Country Ham Day at the Kentucky State Fair

In August of each year the Kentucky State Fair is held. Many competitions take place in this 10-day period. Broadbent’s Kentucky State Fair will be among the competitors. On opening day of the fair Country Ham competitions are held. Broadbent’s and other Country Ham producers across the state compete in a commercial class, while a non-commercial class is held for anyone else wanting to compete. Broadbent’s has been blessed to be named Grand Champion of the Country Ham Competition 21 times.

The largest competition for country hams will be found in Cloverville located in the South Wing Exhibit Hall. There will be between 800-900 hams in this year’s competition. This competition will be made up of 4-H students from ages 9-18. Awards will be given in each age group as well as in the Junior and Seniors category. There will be two factors to be judged in this competition. Each student will bring a ham they have cured this year as well as present a speech. This year’s speech topics for the Junior division will be the history of Kentucky Country Ham.

Each year I listen to many speeches as the students prepare for the fair. Even though I have been a part of this business I learn things from the speeches I hear. Here’s a few fun facts of American Folklore I have learned:

Before the invention of electricity, the word country was not included in the name “ham”. There was only one type of ham and that was a dry cured ham. It was simply called “Ham”. It was after electricity entered the picture and refrigerators were invented that the name “country ham” came to be. Country Ham now refers to a ham that is dry cured and does not need refrigeration. “City Ham” refers to a water added ham that will need refrigeration.

Early settlers brought their pigs as well as their dry curing traditions with them when they came to America. As they migrated west, these traditions were brought along. Not all states had climates that would allow these methods to preserve the meat. Ideal climates were found in Virginia, North Carolina, Kentucky, Tennessee and Missouri. This is where most Country Hams are made today.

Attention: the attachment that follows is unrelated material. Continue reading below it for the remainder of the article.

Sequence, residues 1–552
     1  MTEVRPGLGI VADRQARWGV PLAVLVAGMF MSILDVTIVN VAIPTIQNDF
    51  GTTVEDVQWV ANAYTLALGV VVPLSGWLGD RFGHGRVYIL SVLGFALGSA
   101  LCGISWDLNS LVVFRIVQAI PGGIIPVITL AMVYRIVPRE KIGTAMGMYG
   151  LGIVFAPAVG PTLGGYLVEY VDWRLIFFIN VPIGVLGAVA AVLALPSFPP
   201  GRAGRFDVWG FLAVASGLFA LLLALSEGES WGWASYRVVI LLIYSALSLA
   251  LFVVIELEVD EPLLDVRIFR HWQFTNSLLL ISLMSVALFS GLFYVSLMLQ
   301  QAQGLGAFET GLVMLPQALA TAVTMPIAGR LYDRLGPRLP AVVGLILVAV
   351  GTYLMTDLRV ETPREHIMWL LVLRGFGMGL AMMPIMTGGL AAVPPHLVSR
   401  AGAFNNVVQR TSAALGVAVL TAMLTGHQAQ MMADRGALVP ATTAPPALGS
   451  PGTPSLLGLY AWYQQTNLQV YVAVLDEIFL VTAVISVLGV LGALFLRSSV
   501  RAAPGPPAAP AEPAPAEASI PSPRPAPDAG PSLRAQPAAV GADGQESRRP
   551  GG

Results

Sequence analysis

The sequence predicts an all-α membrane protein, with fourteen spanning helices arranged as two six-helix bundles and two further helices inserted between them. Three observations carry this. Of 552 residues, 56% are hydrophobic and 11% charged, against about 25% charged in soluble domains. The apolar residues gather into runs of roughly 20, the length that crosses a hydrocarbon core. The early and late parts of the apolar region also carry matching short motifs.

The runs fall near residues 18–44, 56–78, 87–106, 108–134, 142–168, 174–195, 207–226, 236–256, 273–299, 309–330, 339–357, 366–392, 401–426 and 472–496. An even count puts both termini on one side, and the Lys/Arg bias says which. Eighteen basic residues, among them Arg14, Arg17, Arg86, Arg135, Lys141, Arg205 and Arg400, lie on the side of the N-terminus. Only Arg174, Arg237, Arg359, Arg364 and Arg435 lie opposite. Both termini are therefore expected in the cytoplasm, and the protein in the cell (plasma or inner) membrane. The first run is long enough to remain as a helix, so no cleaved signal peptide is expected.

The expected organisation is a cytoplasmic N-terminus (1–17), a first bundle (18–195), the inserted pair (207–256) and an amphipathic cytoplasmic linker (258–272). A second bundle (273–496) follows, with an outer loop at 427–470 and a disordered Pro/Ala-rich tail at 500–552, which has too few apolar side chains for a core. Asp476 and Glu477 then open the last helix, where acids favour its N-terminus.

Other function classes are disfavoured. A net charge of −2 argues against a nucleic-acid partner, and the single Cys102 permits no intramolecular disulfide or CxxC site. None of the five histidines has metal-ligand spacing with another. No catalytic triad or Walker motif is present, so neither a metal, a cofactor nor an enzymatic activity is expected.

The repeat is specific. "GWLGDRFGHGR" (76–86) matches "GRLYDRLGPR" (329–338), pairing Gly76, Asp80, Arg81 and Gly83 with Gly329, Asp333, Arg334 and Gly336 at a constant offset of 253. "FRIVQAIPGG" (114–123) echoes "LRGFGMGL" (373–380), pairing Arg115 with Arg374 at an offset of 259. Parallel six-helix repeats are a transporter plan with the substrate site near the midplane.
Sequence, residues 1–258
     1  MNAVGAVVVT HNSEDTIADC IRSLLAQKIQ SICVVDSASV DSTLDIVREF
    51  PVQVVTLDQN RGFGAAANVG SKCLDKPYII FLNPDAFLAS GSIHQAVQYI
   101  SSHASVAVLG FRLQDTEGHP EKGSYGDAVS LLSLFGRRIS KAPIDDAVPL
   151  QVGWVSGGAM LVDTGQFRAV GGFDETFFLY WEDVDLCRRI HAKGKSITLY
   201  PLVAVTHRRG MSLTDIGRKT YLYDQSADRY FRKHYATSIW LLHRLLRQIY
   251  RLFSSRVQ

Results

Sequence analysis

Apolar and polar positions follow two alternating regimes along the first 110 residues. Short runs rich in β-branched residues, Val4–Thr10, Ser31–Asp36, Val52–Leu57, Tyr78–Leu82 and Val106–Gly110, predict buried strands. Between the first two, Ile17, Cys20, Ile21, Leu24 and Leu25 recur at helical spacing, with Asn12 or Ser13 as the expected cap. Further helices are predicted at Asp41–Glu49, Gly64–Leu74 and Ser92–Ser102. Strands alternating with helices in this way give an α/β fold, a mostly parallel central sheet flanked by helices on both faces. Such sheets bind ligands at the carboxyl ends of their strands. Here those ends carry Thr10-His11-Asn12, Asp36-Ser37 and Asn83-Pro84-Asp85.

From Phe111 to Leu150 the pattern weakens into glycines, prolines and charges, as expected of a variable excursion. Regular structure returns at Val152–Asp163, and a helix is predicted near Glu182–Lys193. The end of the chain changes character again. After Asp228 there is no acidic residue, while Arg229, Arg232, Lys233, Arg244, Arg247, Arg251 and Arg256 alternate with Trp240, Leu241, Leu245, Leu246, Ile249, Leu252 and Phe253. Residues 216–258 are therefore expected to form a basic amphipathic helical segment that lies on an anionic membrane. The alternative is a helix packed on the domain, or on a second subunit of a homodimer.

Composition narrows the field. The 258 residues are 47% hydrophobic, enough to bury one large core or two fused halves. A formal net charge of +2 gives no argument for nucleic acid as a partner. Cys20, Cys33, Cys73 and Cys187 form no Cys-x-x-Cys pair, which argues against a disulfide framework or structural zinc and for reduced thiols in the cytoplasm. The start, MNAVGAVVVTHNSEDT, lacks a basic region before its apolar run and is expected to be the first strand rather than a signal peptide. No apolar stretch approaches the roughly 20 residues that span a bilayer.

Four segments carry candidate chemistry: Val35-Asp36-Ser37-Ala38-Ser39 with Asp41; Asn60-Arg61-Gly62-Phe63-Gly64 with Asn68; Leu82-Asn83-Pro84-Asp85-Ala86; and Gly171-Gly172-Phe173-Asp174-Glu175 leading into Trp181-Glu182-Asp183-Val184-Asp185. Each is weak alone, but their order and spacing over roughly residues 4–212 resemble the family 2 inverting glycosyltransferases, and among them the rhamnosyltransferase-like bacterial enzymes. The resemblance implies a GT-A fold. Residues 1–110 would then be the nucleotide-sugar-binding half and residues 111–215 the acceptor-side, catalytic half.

Another fun fact I learned pertains to the salt that goes on a ham. The native Americans referred to the salt as white sand. They would cure their meats with white sand as a way of preserving the meat.

Hog Island in Virginia is quite interesting, but you will have to google that one. We don’t have time to go into it today. We do want to wish the best of luck to everyone competing at this year’s fair. This year’s fair is August 17-27th. Stop by opening day, you will be amazed at all the country hams on display.

Broadbent B&B Foods

Broadbent B & B Foods, have been producing Old Fashioned Country Hams since 1909. A Truly American Food that has been on this continent since colonial days, it was a staple that sustained many of our first settlers as they moved west. The climate had to be just right to cure hams in the days before electricity, and Kentucky's climate fit the bill! Therefore, the Broadbent family brought those traditions with them and used them to dry cure and preserve their pork. Today, we are still dry curing Country Ham, Bacon, and Sausage like our forefathers did. In modern cuisine, country ham is far from a Staple. It is found on the menus of ritzy restaurants across The United States. While it is still, in fact, Country Ham, it is often cut paper thin, and labelled as Prosciutto; which is used as the center piece for many Charcuterie Boards.